Wilfredo Lee / AP
Sunday, June 15, 2014 | 2 a.m.
Sunday's Game 5
- Spread: Miami plus-6 at San Antonio
- Moneyline: Miami (plus-210) at San Antonio (minus-250)
- Total: Over/under 195.5 points
- Talking Points pick: Heat plus-6 (1-3)
Based on the severely shifted sentiment of the series, the San Antonio Spurs should seemingly surrender double-digits to the Miami Heat on the betting line for tonight’s Game 5.
San Antonio has outscored Miami by an average of 10.5 points per game so far, and it’s difficult to find anyone not thinking blowout with the teams back in cowboy country.
After two straight wins in Miami, the Spurs are getting referred to as a zen-like league of extraordinary gentlemen, the caliber of which the NBA has hardly ever seen. The Heat are seen as a band of bums, the likes of which making it a wonder they ever won two straight championships.
The great thing about oddsmakers is their ability to silence out the noise. All the sports books care about is posting the correct number, and adjusting accordingly with the market.
In the case of Game 5, the number was nothing drastic. The Spurs are hung on betting boards around town as a 6-point favorite, only a half-point more than they were at the AT&T Center in Game 1.
A few books — including South Point and the LVH Superbook, the two most commonly referred to in this space — even opened the spread at 5.5 points but pushed it up with early San Antonio action.
That’s not to say the Heat’s situation isn’t dire. The chances of sports’ most notorious gambling man, Floyd Mayweather Jr., winding up the owner of an NBA franchise are about as strong as Miami winning the series.
The minus-1600 (risking $16 to win $1) series price implies a 93 percent chance the Spurs win their fifth title with Greg Popovich and Tim Duncan. The Heat are plus-900 (risking $1 to win $9) to miraculously capture a fourth in eight years.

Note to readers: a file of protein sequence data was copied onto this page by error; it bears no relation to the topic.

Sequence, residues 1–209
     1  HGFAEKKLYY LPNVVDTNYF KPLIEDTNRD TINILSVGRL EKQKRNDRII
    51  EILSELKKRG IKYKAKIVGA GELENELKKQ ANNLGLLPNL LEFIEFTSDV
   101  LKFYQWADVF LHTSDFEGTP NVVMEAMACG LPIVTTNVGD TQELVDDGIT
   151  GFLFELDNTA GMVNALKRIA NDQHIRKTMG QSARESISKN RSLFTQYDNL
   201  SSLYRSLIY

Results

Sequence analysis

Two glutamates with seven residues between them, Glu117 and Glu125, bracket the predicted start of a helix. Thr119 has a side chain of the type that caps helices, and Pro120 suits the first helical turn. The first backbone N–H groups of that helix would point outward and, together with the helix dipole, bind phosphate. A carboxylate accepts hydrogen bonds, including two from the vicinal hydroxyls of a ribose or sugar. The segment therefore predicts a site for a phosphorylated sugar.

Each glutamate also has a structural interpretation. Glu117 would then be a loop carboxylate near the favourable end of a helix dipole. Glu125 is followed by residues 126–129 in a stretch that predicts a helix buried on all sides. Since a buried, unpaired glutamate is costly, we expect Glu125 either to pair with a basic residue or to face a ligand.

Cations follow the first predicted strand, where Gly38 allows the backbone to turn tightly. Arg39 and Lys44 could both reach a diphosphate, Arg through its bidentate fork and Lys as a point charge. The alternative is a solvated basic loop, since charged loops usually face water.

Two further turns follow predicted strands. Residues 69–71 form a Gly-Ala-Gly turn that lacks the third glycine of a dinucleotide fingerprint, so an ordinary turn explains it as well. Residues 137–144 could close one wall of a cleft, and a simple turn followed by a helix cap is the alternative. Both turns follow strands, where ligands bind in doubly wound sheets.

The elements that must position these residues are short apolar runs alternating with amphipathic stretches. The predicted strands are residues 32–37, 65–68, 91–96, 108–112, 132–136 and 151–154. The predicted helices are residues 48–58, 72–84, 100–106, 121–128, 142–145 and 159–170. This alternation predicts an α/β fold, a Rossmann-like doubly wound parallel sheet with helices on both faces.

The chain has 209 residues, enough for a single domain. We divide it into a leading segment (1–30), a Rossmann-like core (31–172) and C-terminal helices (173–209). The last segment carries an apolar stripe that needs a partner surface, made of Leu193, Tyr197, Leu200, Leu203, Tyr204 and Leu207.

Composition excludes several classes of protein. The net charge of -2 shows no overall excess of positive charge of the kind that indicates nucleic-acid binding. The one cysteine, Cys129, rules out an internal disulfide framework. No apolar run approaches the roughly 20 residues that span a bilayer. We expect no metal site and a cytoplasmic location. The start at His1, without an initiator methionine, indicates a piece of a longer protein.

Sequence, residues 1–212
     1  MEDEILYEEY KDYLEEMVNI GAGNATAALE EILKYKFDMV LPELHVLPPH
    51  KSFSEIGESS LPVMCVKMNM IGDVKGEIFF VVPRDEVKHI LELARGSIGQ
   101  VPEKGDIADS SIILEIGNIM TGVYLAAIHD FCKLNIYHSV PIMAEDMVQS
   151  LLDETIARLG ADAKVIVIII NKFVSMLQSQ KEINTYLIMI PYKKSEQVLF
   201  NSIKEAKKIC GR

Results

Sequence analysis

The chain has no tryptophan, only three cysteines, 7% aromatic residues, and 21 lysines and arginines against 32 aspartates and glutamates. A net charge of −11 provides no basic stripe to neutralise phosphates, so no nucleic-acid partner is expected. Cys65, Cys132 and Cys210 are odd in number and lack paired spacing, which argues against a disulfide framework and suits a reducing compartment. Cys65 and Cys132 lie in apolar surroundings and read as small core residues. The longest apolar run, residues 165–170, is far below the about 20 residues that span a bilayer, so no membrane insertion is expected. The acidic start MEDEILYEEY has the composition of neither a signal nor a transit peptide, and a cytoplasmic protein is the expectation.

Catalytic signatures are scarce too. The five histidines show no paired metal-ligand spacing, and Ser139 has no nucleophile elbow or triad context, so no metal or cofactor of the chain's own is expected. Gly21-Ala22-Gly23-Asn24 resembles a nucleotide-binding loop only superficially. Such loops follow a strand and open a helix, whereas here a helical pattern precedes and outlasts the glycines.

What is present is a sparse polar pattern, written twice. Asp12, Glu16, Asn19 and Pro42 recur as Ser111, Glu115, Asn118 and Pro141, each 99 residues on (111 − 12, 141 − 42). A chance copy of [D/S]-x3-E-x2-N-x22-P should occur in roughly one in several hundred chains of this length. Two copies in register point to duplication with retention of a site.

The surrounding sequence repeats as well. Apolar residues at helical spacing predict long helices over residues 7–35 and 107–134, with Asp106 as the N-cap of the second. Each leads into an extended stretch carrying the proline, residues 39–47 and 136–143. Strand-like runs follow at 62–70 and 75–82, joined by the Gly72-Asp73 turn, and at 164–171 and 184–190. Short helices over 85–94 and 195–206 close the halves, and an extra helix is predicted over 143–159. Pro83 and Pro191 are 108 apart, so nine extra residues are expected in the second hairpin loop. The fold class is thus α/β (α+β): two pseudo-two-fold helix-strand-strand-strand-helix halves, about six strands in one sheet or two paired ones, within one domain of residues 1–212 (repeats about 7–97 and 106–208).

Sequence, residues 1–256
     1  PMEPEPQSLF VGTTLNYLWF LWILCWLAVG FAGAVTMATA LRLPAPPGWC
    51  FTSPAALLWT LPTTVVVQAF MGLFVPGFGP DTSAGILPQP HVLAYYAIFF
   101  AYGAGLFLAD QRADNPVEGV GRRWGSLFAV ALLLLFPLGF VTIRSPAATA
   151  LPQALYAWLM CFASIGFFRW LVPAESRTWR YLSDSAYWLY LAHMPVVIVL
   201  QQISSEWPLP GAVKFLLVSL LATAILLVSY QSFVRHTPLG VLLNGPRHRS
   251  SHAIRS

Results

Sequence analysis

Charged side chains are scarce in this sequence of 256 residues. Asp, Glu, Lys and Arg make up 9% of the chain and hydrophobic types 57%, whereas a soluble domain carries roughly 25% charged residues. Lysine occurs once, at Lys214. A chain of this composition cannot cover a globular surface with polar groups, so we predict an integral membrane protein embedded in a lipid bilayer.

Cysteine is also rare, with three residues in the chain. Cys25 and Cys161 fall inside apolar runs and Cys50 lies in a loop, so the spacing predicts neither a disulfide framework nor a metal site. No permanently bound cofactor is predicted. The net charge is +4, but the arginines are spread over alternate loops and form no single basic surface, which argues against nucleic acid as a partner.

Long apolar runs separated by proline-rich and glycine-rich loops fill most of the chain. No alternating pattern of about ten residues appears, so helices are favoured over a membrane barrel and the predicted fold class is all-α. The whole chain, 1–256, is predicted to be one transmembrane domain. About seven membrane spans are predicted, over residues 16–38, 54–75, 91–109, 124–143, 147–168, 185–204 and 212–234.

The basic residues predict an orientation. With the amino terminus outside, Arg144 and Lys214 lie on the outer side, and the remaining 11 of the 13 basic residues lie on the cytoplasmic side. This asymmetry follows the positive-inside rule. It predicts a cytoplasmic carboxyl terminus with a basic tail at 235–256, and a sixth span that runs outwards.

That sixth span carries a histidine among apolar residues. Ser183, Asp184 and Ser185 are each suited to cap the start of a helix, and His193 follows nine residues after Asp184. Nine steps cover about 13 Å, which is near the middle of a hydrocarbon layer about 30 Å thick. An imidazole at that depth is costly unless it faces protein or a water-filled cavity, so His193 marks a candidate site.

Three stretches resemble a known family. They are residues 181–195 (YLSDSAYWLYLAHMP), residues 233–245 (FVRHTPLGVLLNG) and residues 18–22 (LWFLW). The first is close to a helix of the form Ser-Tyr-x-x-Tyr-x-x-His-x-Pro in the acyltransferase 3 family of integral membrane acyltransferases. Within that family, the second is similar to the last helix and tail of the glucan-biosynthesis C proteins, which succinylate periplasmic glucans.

And the damning statistics of falling into a 3-1 hole are now well circulated. The fact that no team in NBA Finals history has come back from an identical deficit and that Popovich is a perfect 10-0 lifetime with the lead are as much common knowledge as “The Decision.”
Digging deeper, things sound worse for LeBron James’ chances at joining NBA lore with a three-peat. Not only has Popovich never lost a series with a 3-1 lead, but his teams have sealed the victory and gotten the cover in Game 5 in eight of the 10 occasions.
Not only have 11 teams since 1990 built a 3-1 lead in the Finals, but seven of them have finished in the next game. Teams with a 3-1 lead going into Game 5 are 8-3 against the spread.
A few famous annihilations are among the set, including the Heat’s own 121-106 win as 3.5-point favorites over the Oklahoma City Thunder two years ago and the minus-3.5 Pistons’ 100-87 salvo of the Los Angeles Lakers a decade ago.
This Heat team seems to have more in common with those 2004 Lakers than their own similarly constructed 2012 squad. Like Los Angeles back then, Miami is run down after exhaustively chasing a legacy for the last several years.
Despite the convenient narrative, Dwyane Wade and Chris Bosh didn’t quit or show a lack of a heart in Game 5. It’s much more likely they’re drained after, along with LeBron James, playing five season’s worth of minutes more than San Antonio’s Big Three since 2011 per ESPN.com.
That’s not to mention the impending MVP of the series, Kawhi Leonard, being the freshest of all as a 22-year-old third-year player. The minutes add up as significantly as the Heat’s tendency to respond after a loss.
It would be shortsighted, even with the preceding evidence of a Spurs rout tonight, for anyone to ignore the Heat’s history for bouncing back a few days after heralding its importance. Miami’s 13-1 straight-up, 11-3 against the spread record in the game after a playoff loss the last two seasons remains exceptional.
Sports books know the importance of a sample size. That’s one reason for Game 5’s moderate spread.